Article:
The only hybrid I've shot is the advance. I have a gallon of cloverdale renaissance my Rodda rep gave me to try. Haven't shot it yet. Liked how the C2 cabinet paint sprayed, but its not a hybrid. I sprayed some advance satin in a deep reddish purple on some fancy window casings today. Went over a grey primer 046, looked really nice in two coats. Actually looked pretty darn good in one coat, but did the 2nd today. The only problem I have is the edges of the casings next to the walls. It's hard to get good coverage there due to bounce back. I'm wondering if I should set the pattern to round?
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Old 03-23-2013, 12:40 AM   #17
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The only hybrid I've shot is the advance. I have a gallon of cloverdale renaissance my Rodda rep gave me to try. Haven't shot it yet. Liked how the C2 cabinet paint sprayed, but its not a hybrid. I sprayed some advance satin in a deep reddish purple on some fancy window casings today. Went over a grey primer 046, looked really nice in two coats. Actually looked pretty darn good in one coat, but did the 2nd today. The only problem I have is the edges of the casings next to the walls. It's hard to get good coverage there due to bounce back. I'm wondering if I should set the pattern to round?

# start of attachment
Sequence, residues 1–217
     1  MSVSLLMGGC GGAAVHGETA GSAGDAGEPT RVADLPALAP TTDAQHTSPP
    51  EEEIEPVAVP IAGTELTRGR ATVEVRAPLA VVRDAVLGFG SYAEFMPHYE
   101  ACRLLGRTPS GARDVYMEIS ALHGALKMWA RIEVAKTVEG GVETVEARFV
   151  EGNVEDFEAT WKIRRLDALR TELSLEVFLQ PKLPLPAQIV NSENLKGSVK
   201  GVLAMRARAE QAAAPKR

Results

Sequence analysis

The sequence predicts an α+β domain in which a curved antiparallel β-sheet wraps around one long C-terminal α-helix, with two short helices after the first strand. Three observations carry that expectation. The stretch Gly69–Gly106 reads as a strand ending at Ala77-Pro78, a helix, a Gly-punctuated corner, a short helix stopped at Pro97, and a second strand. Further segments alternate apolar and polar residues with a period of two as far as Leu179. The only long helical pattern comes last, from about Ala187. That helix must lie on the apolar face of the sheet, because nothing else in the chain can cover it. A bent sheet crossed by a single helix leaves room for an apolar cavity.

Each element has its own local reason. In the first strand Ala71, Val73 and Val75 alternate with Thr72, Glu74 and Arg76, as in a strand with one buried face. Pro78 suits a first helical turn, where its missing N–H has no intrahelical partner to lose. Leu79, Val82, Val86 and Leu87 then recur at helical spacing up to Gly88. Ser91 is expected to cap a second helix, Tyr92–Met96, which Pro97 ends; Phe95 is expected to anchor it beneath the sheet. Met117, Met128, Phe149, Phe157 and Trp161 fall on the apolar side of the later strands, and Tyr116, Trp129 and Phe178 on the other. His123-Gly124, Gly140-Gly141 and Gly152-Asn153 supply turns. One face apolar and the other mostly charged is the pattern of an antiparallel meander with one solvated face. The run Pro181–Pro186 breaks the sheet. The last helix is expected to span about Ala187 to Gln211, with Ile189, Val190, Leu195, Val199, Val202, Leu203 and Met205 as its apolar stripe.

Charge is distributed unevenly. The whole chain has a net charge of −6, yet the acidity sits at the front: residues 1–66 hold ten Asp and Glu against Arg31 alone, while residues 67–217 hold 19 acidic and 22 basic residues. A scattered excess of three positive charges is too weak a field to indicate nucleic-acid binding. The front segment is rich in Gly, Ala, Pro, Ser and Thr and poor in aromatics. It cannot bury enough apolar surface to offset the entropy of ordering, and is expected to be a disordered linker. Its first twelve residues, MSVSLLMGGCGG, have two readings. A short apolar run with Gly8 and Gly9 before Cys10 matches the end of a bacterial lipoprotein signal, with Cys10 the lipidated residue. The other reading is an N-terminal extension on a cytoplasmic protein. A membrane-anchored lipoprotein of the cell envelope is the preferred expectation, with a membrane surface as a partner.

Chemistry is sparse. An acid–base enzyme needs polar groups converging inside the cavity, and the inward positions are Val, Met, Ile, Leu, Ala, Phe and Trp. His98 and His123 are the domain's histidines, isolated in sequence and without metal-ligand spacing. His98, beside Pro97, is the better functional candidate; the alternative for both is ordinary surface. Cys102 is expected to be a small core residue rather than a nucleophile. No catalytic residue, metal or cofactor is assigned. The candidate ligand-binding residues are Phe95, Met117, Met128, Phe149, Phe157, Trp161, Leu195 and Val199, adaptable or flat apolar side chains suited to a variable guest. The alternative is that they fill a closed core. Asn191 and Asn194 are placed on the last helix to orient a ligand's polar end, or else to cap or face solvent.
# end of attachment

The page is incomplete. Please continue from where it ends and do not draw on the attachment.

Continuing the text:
I worked with a guy who was a sprayer and his solution with that was he gave me a 2" dale angle sash and had me go around painting those sides by hand one coat. That ensures the sides looked plenty solid after spraying the trim twice.
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Old 03-23-2013, 01:09 AM   #18
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Mike - what hybrid are you favoring right now? I tried the ProClassic Waterbased Acrylic Alkyd (satin) a week or so ago and was pretty impressed with it. Brushed it out and it laid down so well it looked sprayed. I'd be interested to see how the XIM extender impacts that product.